6

I know this almost touches some other questions already asked here, but it's actually aligned a bit different. This is not about DNG vs RAW, rather just about the demosaicing step in the conversion. It seems like this answer implies that some irreversible demosaicing of the bayer patter takes place, but other sources around the Internet states that it does not. I'm not referring to the linear DNG, but the one that Lightroom converts RAW files to.

I've also tried to dig into the specification from Adobe, but so far I've not been able to find a definite answer.

  • 2
    The biggest loss when many (but not all RAW) files are converted to DNG is that the black point is baked in and the data from the masked pixels used to derive the black point are stripped. This assumes the RAW format of the original file in question includes the data from masked pixels. Some proprietary RAW formats from some camera makers include that information and others don't. The other major thing stripped from RAW files converted to DNG are the "maker note" section of the EXIF information. Adobe products ignore this information anyway, but many other EXIF tools and RAW converters don't. – Michael C Jan 24 '14 at 4:32
  • As with any third party RAW conversion software, the algorithms used to perform demosaicing are often reverse engineered best guesses since the developers and marketers of such software may or may not have access to the proprietary information about the sensors characteristics and encoding processes. – Michael C Jan 24 '14 at 4:35
  • See this late answer to the same question referenced above. photo.stackexchange.com/a/45827/15871 – Michael C Jan 24 '14 at 4:39
  • @MichaelClark you should post that as an answer – Matt Grum Jan 24 '14 at 11:45
7

Partly. Some of the steps normally taken during demosaicing, such as setting black point, are performed when files are converted to DNG and can't be reversed later on. Other steps, such as interpolating the monochromatic luminance values of each pixel into RGB values based on the color mask characteristics of a particular sensor, are not.

Converting an image file from the manufacturer's raw format to .dng will strip all of the information in the maker notes section of the EXIF data. Most all Adobe products ignore the maker notes, many other EXIF tools and RAW converters don't. If you only use Adobe products to convert and edit your images you will not see a difference in this respect.

There are additional things that the conversion strips as well. For example, data from masked pixels used to determine black point are not carried over into the .dng file. Instead black point is computed and 'baked in' during the conversion process. This assumes the RAW format of the original file in question includes the data from masked pixels. Some proprietary RAW formats from some camera makers include that information and others don't. As with all raw convertors that do not use the manufacturers own proprietary algorithms on data that may be encrypted (again, dependent upon manufacturer), there is no guarantee that the conversion of the data remaining in the DNG file by the third party software will be the same as conversions that use the manufacturer's algorithms.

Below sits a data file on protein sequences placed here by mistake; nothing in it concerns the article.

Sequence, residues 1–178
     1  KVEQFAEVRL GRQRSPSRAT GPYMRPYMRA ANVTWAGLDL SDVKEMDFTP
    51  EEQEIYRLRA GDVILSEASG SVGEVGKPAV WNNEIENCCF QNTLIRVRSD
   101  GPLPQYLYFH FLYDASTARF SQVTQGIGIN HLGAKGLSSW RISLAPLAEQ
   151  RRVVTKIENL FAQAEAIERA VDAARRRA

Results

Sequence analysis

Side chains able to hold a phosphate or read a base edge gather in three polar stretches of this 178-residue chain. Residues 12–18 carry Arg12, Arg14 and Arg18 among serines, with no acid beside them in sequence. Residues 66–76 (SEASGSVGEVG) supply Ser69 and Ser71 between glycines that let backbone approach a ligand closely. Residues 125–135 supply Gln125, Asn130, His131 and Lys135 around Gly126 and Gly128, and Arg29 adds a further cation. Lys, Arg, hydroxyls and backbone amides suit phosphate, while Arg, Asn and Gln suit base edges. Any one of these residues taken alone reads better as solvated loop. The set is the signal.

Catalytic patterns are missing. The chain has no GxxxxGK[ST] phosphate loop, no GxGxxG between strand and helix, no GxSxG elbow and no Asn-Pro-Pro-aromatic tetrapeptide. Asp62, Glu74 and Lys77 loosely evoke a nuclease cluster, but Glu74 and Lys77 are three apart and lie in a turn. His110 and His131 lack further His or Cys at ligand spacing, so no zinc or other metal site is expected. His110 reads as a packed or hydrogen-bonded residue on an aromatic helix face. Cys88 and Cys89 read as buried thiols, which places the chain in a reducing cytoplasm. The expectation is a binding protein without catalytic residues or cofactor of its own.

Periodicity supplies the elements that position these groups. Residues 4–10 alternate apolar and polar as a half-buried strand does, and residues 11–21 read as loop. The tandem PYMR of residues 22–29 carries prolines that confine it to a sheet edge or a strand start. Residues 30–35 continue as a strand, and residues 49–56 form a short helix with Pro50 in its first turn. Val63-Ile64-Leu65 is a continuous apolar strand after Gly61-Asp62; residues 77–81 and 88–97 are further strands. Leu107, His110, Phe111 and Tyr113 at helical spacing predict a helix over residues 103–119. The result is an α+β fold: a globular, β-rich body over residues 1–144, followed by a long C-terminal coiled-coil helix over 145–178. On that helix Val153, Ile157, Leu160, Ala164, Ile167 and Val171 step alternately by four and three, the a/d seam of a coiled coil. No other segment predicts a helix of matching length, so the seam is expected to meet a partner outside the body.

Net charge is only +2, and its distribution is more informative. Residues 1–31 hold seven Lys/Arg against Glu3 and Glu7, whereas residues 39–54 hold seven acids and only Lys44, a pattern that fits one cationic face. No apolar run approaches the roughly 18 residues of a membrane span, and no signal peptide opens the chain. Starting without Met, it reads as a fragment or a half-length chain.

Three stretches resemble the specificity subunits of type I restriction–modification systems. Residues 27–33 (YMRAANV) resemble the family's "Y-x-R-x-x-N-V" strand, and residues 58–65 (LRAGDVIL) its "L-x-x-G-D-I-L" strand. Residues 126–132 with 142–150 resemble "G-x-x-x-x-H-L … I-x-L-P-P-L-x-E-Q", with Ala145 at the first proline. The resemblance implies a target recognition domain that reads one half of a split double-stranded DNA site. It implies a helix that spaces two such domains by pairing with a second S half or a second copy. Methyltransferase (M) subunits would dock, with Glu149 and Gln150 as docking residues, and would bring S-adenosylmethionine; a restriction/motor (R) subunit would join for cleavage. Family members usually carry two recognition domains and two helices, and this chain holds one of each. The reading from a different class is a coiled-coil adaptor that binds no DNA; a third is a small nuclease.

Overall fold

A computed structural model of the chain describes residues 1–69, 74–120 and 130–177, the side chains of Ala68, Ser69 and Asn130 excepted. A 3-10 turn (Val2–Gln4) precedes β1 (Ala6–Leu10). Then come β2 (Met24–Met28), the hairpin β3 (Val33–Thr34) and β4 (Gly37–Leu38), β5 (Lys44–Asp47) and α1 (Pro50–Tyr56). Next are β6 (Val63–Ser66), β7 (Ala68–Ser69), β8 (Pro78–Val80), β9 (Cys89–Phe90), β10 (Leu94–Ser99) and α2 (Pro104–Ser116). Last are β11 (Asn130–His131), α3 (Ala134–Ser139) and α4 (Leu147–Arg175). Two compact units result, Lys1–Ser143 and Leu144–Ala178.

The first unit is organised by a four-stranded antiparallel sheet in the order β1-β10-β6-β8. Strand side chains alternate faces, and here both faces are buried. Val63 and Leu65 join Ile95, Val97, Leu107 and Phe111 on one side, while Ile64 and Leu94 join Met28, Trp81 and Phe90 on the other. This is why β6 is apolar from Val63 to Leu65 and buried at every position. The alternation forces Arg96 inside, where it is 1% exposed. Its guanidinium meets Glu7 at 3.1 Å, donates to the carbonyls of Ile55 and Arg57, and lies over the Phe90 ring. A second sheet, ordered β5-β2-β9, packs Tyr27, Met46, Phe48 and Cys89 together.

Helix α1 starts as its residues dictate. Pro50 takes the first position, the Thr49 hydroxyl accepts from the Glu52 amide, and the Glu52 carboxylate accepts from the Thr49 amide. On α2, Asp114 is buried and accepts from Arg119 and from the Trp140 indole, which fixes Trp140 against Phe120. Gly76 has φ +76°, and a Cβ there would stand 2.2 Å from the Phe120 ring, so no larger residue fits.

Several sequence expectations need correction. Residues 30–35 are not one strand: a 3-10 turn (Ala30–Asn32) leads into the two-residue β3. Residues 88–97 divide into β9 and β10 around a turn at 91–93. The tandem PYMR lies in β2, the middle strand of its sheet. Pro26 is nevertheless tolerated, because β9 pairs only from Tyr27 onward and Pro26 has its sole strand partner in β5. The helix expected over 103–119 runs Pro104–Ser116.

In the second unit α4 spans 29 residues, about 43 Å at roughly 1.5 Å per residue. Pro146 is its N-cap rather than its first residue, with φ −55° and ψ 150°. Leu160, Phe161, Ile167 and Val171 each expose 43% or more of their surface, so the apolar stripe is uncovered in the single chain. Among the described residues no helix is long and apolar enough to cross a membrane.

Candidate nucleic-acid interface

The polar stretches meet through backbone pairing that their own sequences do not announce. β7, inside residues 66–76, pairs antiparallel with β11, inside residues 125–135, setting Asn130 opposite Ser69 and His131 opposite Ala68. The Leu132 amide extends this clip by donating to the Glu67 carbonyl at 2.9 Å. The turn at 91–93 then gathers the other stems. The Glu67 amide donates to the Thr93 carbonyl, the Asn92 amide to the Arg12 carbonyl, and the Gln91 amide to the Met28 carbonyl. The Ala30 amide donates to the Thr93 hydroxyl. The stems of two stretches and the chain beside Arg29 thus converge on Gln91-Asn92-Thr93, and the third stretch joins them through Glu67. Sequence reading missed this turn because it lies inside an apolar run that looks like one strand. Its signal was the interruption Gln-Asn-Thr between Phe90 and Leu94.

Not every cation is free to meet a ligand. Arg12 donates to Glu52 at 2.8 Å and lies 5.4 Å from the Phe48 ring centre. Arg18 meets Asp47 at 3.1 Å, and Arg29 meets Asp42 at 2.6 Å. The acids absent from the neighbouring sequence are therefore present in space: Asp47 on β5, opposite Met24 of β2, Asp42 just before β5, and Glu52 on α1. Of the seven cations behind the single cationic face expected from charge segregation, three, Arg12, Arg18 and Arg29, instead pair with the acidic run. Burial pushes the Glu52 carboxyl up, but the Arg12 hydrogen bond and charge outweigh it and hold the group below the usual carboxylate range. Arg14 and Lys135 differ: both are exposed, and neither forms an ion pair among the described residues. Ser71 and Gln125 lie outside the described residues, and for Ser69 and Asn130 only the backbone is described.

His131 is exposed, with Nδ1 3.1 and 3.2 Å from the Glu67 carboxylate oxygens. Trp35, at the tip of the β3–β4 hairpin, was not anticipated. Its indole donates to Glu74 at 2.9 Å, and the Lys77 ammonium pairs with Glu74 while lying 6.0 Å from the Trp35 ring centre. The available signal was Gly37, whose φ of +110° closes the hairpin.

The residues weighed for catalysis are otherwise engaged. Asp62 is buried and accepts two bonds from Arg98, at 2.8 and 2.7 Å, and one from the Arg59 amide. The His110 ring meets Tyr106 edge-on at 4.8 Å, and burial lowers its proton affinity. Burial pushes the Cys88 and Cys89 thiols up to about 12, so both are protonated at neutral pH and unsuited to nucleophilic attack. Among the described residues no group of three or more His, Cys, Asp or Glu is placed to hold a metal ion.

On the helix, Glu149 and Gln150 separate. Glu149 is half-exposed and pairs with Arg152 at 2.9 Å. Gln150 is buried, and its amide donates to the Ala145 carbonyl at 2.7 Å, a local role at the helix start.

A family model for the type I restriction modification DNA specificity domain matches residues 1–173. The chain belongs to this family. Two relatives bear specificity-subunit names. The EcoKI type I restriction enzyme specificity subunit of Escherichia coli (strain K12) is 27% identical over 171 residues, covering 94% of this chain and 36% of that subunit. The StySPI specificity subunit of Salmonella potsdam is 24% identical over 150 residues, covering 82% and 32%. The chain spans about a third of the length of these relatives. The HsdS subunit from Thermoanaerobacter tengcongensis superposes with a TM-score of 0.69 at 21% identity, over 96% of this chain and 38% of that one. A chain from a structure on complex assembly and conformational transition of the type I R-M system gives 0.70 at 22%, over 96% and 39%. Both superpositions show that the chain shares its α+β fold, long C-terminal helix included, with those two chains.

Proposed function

Since each sensor design is different, the output from the sensor must be interpreted based in the design of that sensor. As new cameras are released with new sensor designs, updates to the DNG convertor must be made to properly convert the output from the new sensor. Not all Bayer masks, for example, use the same exact colors for each of the R,G, and B filters. Some, such as newer designs from Fuji, even alter the pattern of which pixels are filtered by R, which by G, and which by B. Without the specific information of the sensor's unique design, the convertor will misinterpret the data from the sensor.

  • Thanks! This is very informative of an answer, but it doesn't really answer if the DNG is demosaiced or not. If the image is not demosaiced future updates might solve problems of incorrect bayer patterns, but if it is demosaiced incorrectly it's not correctable. Do you get what I'm asking for? Cheers – Hugo Jan 25 '14 at 3:27
  • @Hugo Some of the steps normally taken during demosaicing, such as setting black point, are performed when files are converted to DNG. Other steps, such as interpolating the monochromatic luminance values of each pixel into RGB values based on the color mask characteristics of a particular sensor, are not. So the answer is "Partly". – Michael C Jan 25 '14 at 3:47
  • 1
    Also there are quite a few 'flavours' of DNG. All DNG's are definitely not equal. Some are more lossy than others and it's very much a container format like TIFF (where multi-page Group 3 fax is as standard as the high bit depth content photographers are more used to and think of when they discuss TIFFs.) One of the DNG formats is an 8-bit discrete cosine transfer (essentially a jpeg, just built the unprocessed raw data!) – James Snell Jan 25 '14 at 14:49
  • 1
    Unknown maker data is not stripped. It's copied as-is to a tag for that purpose. – JDługosz Oct 28 '14 at 23:19
  • If it is undocumented maker note data, it is stripped. See the Adobe representatives comments at forums.adobe.com/thread/743437?start=0&tstart=0 – Michael C Oct 29 '14 at 3:11

Your Answer

By clicking “Post Your Answer”, you agree to our terms of service, privacy policy and cookie policy

Not the answer you're looking for? Browse other questions tagged or ask your own question.